The United States will continue to support India with equipment and other things it needs along the Line of Actual Control (LAC) with China, a top American admiral has told lawmakers, asserting that Washington and New Delhi share a ‘tremendous partnership’.
Testifying before the Senate Armed Services Committee on ‘Military Posture in the Indo-Pacific Region’ this week, Admiral John Aquilino, Commander of US Indo-Pacific Command, said that the military-to-military relationship between the two countries is probably at its highest point.
He was responding to a question from Senator Gary Peters.
“My question for you, Admiral, is can you speak to the relationship you have with our Indian counterparts and what more can we do to strengthen our security relationship between our two countries?” Peters asked.
“Senator, to start, I have no concerns. Our partners in India are tremendous partners, and the military-to-military relationship is probably at its highest point. We continue to do more together,” Admiral Aquilino said in response.
“But when you talk about tremendous partnership, it’s there. What more can we do? Continue the information sharing, continue to support them with the equipment they need upon the Line of Actual Control, and continue to partner and operate together throughout the region.”
His remarks assume importance as India and China on Friday held another round of high-level military dialogue to resolve the 22-month-long standoff in certain remaining friction points in eastern Ladakh.
The eastern Ladakh border standoff between the Indian and Chinese militaries erupted on May 5, 2020, following a violent clash in the Pangong lake areas.
Testifying before the Senate Armed Services Committee, Admiral Aquilino also mentioned military exercises between the US and India.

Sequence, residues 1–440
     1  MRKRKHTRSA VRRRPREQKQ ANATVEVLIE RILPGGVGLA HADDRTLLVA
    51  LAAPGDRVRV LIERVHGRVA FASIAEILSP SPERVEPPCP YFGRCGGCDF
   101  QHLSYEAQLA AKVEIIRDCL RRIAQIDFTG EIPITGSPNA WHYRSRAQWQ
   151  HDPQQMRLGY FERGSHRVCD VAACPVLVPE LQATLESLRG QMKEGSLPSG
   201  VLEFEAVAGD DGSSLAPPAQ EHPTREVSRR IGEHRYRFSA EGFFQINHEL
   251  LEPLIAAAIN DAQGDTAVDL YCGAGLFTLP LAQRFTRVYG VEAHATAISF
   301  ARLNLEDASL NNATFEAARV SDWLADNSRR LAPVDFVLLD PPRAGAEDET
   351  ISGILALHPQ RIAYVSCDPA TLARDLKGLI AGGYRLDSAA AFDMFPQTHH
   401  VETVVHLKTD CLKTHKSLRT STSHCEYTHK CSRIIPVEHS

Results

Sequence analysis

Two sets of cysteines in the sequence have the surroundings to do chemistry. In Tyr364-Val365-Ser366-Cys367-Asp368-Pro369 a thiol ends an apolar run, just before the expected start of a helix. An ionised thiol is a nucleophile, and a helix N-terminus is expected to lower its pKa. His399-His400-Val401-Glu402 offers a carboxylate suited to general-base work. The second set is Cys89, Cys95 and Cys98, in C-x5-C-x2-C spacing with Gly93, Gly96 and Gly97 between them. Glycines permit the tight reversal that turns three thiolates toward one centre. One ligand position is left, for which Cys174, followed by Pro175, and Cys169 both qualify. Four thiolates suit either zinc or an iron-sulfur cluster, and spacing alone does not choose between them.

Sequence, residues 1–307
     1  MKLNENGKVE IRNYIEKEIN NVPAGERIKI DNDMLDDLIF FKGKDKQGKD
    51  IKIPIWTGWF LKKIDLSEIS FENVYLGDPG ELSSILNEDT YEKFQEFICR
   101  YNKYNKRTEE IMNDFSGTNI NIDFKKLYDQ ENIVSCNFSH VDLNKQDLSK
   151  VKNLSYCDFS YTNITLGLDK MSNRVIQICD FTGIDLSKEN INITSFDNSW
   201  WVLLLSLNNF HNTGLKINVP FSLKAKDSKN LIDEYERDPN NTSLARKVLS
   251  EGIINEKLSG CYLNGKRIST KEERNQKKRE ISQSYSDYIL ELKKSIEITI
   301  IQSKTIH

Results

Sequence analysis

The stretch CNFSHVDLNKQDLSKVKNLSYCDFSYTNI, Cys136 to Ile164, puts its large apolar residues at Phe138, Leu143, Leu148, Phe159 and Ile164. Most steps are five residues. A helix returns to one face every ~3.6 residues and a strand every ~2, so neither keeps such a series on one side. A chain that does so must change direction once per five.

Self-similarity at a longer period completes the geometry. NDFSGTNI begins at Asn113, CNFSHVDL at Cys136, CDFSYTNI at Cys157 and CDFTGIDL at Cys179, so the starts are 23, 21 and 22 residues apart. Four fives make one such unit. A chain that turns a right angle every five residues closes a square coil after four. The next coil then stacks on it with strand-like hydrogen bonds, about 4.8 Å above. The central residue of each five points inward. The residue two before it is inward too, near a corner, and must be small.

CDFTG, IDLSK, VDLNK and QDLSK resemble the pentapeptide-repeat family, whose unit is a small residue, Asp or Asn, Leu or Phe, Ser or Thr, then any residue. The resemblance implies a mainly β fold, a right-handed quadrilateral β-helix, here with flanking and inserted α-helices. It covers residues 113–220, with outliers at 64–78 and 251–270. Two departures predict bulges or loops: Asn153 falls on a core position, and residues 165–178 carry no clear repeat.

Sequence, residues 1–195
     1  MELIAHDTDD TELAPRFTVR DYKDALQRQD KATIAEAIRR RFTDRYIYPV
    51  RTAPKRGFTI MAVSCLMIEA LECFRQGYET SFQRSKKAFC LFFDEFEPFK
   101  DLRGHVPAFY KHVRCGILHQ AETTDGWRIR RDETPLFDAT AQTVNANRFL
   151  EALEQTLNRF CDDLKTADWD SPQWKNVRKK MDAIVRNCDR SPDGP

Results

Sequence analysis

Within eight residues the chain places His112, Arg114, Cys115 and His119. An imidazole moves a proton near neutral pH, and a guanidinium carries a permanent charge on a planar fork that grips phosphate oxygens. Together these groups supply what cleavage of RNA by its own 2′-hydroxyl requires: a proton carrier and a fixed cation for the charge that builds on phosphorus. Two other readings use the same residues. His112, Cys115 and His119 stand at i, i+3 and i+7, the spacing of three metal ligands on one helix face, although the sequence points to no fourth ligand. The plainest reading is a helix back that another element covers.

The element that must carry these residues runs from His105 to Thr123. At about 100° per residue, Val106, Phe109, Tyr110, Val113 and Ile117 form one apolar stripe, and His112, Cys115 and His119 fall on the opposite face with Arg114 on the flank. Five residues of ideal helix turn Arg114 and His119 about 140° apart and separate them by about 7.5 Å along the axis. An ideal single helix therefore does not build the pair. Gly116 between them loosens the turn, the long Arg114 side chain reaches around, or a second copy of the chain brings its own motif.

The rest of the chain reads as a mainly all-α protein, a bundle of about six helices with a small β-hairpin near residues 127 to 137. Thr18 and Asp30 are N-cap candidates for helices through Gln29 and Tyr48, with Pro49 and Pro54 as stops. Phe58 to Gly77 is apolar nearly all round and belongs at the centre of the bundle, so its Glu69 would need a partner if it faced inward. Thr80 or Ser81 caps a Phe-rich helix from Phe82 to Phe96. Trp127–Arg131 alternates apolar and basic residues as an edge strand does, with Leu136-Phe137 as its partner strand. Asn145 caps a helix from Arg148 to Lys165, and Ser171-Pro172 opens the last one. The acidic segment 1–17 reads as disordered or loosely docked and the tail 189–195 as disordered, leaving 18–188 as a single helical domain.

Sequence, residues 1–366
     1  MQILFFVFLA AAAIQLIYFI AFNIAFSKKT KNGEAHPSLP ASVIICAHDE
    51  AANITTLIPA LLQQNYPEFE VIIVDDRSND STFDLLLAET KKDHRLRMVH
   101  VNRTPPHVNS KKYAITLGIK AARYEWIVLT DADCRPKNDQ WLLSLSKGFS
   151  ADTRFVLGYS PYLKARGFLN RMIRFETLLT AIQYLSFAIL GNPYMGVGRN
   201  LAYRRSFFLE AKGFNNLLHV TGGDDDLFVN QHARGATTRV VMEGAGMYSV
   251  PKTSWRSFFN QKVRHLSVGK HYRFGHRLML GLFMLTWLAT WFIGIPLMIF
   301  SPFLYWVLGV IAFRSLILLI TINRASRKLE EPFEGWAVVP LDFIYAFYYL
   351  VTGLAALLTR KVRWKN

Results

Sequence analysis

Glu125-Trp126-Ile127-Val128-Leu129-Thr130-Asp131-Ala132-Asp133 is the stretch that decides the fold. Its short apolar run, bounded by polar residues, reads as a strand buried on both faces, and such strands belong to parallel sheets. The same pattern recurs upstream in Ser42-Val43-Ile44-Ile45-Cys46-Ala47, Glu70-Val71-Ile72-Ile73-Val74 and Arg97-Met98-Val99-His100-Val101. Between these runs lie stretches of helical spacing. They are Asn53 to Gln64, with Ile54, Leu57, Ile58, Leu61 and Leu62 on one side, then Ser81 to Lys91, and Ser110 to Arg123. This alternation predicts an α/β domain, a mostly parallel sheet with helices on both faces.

“The Malabar exercise with Japan, Australia, the United States, and India is critical. Increased mini lateral and multilateral engagements with the Indians, and ultimately continue to sell them equipment so we can be more interoperable and more effective together in the military sphere,” he said.
On Wednesday, Ely Ratner, Assistant Secretary of Defence for Indo-Pacific Security Affairs, told members of the House Armed Services Committee during a Congressional hearing on the Indo-Pacific region that he perceives the US-India defence relationship as one with ‘incredible momentum’.
He also said that the much awaited 2+2 dialogue between the two countries will take place here in early April.
The last meeting of the 2+2 dialogue was held in New Delhi in 2020 and the next meeting is to be hosted by the US in Washington.
The 2+2 ministerial dialogue takes place between foreign and defence ministers of both sides.
India and the United States held a bilateral 2+2 Inter-sessional meeting at the official level on 1 September 2021 in Washington DC. They reviewed progress made since the last 2+2 Ministerial Dialogue in October 2020.
The Malabar exercise started in 1992 as a bilateral drill between the Indian Navy and the US Navy in the Indian Ocean.
Japan became a permanent member of the exercise in 2015.
This annual exercise was conducted off the coast of Guam in 2018 and off the coast of Japan in 2019.
The exercise was hosted in two phases in the Bay of Bengal and the Arabian Sea in 2020.
There have been mounting global concerns over China’s growing military assertiveness in the Indo-Pacific region.
India, the US, Australia, Japan and many other like-minded countries are working towards ensuring a free, open and inclusive Indo-Pacific.
The US recognised India as a ‘Major Defence Partner’ in 2016, a designation that allows India to buy more advanced and sensitive technologies from America at par with that of the US’ closest allies and partners, and ensures enduring cooperation into the future.
China claims nearly all of the disputed South China Sea, though Taiwan, the Philippines, Brunei, Malaysia and Vietnam all claim parts of it.
Beijing has built artificial islands and military installations in the South China Sea. Beijing is also involved in a maritime dispute with Japan over the East China Sea.
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